Just restore from your last iCloud or Device backup.
This is certainly within the realm of possibility and indicates that you hold the team's technical ability in high regard. If it is indeed true, I would wonder what percentage of the folks involved in the implementation actually thought about it and how high/wide the issue was escalated. I have certainly been in situations where after-the-fact I found out that something I had been a part of shipped with known bugs/features I didn't know about that I would have raised a lot more concern over.
If you've never worked someplace where they have dedicated staff for source control, that fact alone might give you an idea at the level of expertise involved here. It's nobody's first time at the rodeo, and setting the sync API on the change (as described below) wasn't just slipped in by an intern.
You finding out after-the-fact and still having an opinion about bugs shipping in code you contributed to only reinforces my point: someone made the decision to go ahead anyway.
Sorta makes you wish Google would stop chasing Facebook and just do their thing.
Google cannot allow other companies to get ahead of them on social search and remain competitive in their most important vertical.
a) Associate your phone number with your FB account.
b) Download the FB app.
The more you can keep Facebook sandboxed on your devices (and in your life) the better.
Facebook gets an email address I don't use anywhere else. No one has me listed in their contacts under the only email address facebook knows for me (well, I presume. It's not hard to guess the address I use for facebook if you know my real address, but there's no good reason anyone but facebook would use it).
I've done that on general principle for more than a decade any time I have to give my email address to anyone other than an individual. This instance is the first time in a while where it's actually felt worthwhile. Originally I did it more for spam tracking. GMail's excellent spam filter fixed that problem for me years ago. But I never stopped doing it.
And I'll also add:
d) Never associate your real name with your FB account.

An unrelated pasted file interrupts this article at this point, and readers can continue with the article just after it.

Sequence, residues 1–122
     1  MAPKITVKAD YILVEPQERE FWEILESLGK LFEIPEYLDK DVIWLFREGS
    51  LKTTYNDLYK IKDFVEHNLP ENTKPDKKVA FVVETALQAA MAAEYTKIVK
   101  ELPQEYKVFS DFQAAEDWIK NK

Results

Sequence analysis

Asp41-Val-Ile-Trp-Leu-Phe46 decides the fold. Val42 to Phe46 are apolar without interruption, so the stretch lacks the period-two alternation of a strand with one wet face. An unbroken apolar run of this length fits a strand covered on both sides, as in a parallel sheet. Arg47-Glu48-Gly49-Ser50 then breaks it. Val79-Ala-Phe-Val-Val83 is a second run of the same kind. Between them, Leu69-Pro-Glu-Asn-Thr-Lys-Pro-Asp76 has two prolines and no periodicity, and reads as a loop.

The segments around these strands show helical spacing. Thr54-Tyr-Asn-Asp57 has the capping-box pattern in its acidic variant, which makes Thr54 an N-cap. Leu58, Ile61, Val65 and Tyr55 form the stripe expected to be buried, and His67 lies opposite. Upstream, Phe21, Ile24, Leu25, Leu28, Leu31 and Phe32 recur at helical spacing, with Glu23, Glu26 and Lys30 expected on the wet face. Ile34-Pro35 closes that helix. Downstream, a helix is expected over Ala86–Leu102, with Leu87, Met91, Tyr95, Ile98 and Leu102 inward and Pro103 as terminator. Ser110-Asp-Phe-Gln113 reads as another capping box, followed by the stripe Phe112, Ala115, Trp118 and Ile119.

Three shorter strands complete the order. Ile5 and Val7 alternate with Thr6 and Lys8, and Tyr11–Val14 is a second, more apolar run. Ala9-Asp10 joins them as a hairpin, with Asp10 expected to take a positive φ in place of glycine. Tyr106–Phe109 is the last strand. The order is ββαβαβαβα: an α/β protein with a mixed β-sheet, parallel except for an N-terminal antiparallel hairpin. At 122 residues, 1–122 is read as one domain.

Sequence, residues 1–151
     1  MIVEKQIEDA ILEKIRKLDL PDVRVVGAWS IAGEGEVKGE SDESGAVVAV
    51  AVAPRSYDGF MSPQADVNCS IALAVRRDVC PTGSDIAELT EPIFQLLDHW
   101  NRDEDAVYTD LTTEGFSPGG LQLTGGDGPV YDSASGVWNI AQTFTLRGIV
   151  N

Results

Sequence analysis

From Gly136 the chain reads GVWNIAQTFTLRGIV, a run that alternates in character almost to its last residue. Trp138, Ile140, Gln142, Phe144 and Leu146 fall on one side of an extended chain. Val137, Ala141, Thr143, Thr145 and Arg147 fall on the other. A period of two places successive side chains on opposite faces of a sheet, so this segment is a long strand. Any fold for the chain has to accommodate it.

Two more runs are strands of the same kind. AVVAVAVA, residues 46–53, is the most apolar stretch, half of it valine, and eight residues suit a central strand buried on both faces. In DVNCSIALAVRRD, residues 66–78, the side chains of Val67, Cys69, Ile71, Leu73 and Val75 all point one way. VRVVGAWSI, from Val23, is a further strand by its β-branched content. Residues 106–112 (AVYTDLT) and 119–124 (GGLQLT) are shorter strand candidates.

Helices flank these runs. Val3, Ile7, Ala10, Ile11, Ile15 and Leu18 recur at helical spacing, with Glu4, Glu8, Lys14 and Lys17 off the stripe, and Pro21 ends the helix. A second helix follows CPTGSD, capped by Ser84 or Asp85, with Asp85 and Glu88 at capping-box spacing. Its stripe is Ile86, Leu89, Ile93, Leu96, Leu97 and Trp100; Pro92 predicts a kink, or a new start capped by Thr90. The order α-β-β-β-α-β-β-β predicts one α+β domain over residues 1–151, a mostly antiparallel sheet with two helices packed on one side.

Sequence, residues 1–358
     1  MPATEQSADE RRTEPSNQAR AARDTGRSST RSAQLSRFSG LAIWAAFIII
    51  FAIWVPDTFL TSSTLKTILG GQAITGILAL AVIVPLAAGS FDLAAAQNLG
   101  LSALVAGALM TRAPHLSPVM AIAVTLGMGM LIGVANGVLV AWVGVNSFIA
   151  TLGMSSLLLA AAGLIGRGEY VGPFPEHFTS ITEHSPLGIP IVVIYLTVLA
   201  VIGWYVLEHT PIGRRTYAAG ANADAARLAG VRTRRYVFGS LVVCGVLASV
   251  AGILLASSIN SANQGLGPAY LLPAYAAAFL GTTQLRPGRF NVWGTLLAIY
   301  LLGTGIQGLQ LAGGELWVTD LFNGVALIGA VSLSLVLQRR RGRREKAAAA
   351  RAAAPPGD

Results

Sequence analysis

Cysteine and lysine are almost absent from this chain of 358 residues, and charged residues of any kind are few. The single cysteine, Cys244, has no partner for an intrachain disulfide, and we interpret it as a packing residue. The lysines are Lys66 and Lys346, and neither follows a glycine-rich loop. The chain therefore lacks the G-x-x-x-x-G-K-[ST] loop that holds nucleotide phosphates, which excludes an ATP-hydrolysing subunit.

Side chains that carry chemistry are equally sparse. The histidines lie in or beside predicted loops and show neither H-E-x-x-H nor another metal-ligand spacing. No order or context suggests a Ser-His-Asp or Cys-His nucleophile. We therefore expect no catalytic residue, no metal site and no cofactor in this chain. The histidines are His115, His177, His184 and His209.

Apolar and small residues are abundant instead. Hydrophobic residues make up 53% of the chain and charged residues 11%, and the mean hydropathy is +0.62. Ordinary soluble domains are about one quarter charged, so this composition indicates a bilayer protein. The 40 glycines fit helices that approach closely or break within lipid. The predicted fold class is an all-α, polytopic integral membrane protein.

I use my first name plus a family name that matches my middle initial. It's generally recognizable and accepted by friends.
When I first set up my account this way (items A through D) it did seem a little "tinfoilly", and this last measure still does to some extent. But since Facebook doesn't actually let you delete your account, I'd rather err on the side of prudence. It will be nice to at least approximate a hole in their databases if their policies ever get too onerous.
Basically, just don't use the app.
Lastly, if they were truly going to fix the problem, they would pump through all the emails they got a chance to spy on, this time to the correct address, maybe with an attachment or sending the email as an attachment with their official apology.
Can't rollback the delay and that impacts a lot, but email is theoretically unreliable anyway. Hurry up guys and gals... show me someone at Facebook actually cares about the product (their users) they are selling to their customers (their advertisers).
This mistake/bug/zuck-style enhancement has had a colossal negative impact on many people. If Facebook tries to salvage anything from it then it's even more clearly time to walk away. I am not cheerleading for Facebook at all on this, I just want people's contacts back to normal and their emails delivered to where they want them. I think we agree this is possible, in fairly direct contradiction to the title of this article.
Thanks for bringing this up as it would not work if they only push changes, and no change had been made facebook-side prior to the 'bug'. In that case, they should only rollback those that had been pushed out and the majority of email addresses would be lost. However, since users can go into the settings and restore their primary email address, it seems like it would be best for Facebook to encourage them to do so in the same way they've nagged me to switch to timeline forever.